We report the generation of a GzmB-mTFP-KI, in which all CGs of T cells are endogenously fluorescent due to an mTFP-tag at the CG-resident enzyme GzmB. We chose the mTFP tag because of its ideal suitability for two-photon imaging in vivo and for Förster resonance energy transfer (FRET) (Day et al., 2008; Drobizhev et al., 2011; Gossa et al., 2015). mTFP is a derivative of cyan fluorescent protein (CFP) from Clavularia coral (Ai et al., 2006), is monomeric (26.9 kDa) unlike the tetrameric CFP, has a high brightness, photostability and quantum yield, is only weakly acid sensitive and has a narrow emission spectrum (Ai et al., 2006; Day et al., 2008). The brightness, photostability and high quantum yield of mTFP are ideally suited for longitudinal, non-invasive imaging over extended time periods. In addition, mTFP is tolerated by the immune system upon adoptive transfer, which favors its use for imaging immune cells in vivo (Gossa et al., 2015).

The biggest concern when using fusion protein tags is that the attached tag might interfere with the expression, localization or function of the tagged protein, in our case GzmB. GzmB is synthesized as a zymogen and cleaved by cathepsin C in lysosomes (Jenne and Tschopp, 1988; Krahenbuhl et al., 1988; Caputo et al., 1993; Perišić Nanut et al., 2014; Voskoboinik et al., 2015), which removes an N-terminal 18-residue signal peptide and the downstream activation dipeptide Gly-Glu (Caputo et al., 1993). To avoid interference with proper GzmB localization we therefore chose the C-terminus for fusion of mTFP. Further, we added a flexible GGSGGSGGS linker between GzmB and mTFP, which is cleaved in CGs (Figure 1CHuang et al., 2014). Our co-localization analyses with perforin and the CG v-SNARE synaptobrevin2 (Figure 2) and TIRF imaging of individual CG fusion events (Figure 3) demonstrate that the mTFP and GzmB in the GzmB-mTFP-KI are correctly and specifically localized to CG, so that GzmB is not functionally compromised (see below) and mTFP can be used as a very faithful CG marker.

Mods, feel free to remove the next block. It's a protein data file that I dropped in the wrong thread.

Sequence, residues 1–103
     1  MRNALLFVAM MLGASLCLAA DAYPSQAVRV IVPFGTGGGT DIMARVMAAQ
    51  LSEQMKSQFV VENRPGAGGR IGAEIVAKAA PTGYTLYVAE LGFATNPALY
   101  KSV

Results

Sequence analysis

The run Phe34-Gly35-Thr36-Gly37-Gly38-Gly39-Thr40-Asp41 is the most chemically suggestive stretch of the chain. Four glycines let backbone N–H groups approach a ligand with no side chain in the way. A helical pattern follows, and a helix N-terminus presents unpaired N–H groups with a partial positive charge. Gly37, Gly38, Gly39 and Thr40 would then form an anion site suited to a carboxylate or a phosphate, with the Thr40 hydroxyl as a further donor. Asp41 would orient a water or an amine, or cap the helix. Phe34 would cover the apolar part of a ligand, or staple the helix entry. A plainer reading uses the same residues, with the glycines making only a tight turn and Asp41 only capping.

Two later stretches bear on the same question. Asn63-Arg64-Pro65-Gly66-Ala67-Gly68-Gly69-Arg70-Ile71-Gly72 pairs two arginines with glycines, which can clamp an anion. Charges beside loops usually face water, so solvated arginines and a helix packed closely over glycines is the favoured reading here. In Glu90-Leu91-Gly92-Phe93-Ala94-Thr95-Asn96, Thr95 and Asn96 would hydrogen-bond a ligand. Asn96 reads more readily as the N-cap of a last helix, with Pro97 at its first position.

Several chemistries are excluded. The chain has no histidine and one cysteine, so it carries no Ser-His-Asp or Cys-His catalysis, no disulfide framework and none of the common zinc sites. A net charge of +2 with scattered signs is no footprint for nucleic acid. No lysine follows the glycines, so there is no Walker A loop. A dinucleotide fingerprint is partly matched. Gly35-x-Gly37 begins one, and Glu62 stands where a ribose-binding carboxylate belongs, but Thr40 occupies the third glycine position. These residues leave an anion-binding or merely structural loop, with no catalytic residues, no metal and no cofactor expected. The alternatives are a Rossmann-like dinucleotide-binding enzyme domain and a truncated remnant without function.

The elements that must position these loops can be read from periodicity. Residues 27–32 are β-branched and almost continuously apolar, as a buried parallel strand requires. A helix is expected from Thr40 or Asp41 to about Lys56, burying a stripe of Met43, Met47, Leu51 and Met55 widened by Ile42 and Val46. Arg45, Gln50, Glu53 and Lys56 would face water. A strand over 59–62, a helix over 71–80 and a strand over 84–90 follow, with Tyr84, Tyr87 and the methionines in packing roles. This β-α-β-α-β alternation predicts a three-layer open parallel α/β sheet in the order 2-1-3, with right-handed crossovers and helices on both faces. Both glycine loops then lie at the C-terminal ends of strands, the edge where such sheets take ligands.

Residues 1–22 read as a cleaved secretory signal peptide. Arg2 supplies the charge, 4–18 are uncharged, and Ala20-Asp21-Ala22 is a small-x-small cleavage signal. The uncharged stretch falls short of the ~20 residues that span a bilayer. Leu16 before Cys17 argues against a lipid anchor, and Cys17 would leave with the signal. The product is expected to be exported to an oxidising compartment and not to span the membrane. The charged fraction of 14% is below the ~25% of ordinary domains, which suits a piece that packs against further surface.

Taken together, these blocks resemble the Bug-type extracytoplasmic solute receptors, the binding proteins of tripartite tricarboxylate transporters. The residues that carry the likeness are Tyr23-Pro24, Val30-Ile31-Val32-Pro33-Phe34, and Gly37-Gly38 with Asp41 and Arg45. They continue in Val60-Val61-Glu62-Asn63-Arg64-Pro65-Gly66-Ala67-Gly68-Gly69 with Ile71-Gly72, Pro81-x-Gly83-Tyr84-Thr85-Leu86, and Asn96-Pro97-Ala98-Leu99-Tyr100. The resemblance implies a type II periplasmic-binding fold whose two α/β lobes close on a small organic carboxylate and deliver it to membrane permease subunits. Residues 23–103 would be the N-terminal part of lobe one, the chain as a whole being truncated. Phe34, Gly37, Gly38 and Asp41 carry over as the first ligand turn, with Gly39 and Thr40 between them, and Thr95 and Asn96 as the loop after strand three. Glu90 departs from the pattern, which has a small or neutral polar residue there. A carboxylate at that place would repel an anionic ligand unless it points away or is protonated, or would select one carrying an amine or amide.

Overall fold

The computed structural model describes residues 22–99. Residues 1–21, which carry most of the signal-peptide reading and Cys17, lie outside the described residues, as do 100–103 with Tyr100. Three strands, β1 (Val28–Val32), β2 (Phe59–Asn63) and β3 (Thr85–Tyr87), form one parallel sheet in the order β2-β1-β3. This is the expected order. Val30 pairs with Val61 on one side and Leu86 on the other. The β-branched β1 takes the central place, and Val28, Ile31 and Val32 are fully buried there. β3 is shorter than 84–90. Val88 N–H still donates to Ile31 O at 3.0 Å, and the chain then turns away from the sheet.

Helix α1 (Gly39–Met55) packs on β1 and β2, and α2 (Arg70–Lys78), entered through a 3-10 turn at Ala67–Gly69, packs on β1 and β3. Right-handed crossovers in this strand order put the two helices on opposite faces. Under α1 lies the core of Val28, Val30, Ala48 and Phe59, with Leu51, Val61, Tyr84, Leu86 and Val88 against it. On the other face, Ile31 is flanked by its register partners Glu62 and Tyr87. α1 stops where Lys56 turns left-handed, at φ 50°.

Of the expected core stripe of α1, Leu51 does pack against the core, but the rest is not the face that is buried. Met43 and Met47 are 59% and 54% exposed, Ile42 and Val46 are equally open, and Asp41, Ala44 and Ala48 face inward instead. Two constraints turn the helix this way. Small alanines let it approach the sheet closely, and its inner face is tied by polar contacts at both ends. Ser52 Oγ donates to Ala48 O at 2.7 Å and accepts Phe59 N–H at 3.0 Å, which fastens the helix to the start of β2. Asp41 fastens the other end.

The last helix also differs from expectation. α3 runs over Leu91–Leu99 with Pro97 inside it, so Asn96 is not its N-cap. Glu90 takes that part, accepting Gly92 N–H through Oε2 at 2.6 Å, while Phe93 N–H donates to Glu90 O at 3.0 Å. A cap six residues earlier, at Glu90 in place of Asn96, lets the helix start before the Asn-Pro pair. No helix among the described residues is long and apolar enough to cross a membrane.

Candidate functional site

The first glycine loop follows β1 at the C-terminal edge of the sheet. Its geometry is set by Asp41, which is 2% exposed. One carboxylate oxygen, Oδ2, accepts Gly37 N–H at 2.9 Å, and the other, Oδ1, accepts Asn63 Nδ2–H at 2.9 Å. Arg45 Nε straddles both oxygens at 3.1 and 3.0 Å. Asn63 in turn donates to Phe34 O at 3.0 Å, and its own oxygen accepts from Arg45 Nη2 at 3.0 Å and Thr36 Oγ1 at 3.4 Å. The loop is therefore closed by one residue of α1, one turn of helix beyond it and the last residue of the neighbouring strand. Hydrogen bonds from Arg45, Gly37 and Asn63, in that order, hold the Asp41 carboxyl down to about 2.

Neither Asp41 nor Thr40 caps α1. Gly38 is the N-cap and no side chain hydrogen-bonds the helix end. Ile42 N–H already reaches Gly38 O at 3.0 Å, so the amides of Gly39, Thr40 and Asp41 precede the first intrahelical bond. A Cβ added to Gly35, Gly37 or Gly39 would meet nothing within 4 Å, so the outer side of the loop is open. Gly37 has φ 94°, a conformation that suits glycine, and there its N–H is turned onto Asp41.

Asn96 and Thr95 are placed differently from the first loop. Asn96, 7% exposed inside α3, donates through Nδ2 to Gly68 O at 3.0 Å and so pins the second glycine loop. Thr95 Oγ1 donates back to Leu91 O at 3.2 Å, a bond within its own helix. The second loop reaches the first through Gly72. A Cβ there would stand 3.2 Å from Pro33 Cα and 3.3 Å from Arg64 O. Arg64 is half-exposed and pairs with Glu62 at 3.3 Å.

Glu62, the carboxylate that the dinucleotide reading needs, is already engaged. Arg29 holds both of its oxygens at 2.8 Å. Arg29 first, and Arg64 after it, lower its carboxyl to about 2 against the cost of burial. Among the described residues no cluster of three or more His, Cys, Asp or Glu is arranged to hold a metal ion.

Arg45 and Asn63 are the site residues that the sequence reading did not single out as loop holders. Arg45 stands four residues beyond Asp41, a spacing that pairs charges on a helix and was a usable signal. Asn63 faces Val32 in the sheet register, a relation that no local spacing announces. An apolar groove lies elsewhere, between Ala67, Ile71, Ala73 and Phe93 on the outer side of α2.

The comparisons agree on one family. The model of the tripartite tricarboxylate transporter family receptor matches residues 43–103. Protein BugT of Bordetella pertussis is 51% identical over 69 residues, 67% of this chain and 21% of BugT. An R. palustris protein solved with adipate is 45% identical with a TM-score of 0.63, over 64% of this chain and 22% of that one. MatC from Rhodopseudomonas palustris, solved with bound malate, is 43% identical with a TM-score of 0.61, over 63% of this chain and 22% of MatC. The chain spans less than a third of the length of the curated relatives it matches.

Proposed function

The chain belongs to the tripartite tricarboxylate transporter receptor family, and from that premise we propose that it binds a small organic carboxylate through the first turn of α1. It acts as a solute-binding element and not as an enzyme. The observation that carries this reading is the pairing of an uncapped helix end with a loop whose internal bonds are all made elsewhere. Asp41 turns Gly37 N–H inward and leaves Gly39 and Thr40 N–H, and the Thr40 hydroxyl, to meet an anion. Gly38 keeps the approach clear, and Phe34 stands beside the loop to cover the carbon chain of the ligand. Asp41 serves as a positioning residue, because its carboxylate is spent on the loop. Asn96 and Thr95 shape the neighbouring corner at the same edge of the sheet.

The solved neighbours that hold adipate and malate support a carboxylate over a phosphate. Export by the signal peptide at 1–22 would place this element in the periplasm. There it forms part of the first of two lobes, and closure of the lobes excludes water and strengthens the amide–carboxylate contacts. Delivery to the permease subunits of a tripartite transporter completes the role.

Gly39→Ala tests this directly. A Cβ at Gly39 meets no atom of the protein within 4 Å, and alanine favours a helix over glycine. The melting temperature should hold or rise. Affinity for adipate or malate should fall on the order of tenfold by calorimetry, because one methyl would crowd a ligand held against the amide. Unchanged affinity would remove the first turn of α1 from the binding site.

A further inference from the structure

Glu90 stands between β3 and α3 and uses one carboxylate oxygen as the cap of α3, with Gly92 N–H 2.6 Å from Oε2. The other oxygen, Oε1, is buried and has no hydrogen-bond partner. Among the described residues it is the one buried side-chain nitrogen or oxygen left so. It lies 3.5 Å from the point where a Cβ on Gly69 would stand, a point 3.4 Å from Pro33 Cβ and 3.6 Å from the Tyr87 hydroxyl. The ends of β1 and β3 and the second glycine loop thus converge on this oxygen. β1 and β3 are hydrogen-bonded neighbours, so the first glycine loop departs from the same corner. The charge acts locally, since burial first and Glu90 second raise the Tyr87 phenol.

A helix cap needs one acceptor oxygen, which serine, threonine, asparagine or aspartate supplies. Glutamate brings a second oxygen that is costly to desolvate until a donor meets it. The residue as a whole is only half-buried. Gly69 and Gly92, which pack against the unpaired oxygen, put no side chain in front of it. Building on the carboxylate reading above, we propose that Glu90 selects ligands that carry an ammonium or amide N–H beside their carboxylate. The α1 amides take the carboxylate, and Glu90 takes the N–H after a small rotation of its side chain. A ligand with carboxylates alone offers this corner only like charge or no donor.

Beyond subcellular protein trafficking and localization, tags can affect protein function. Indeed, a recently published GzmB-tdTomato-KI exhibits reductions of 75% in GzmB expression, of 30% in CTL degranulation and of 25% in GzmB protease activity (Mouchacca et al., 2013; Mouchacca et al., 2015). In striking contrast to this, our analyses of GzmB-mTFP-KI CTLs did not reveal any changes in GzmB expression (Figure 1C–D), CG transport (Figure 2G–H), CG fusion efficiency (Figure 3C–D), degranulation capacity (Figure 4B) or killing efficiency (Figure 4A). This may be partly due to the smaller size of mTFP as compared to tdTomato (26.9 vs. 54.2 kDa). More importantly, though, the fact that GzmB-mTFP appears to be efficiently cleaved into GzmB and mTFP in the acidic environment of the CG lumen (Figure 1C–D) contributes substantially to the almost perfect functionality of GzmB in the GzmB-mTFP-KI, so that GzmB can operate in an unperturbed manner while mTFP can still be used to follow CG localization, movement and fusion.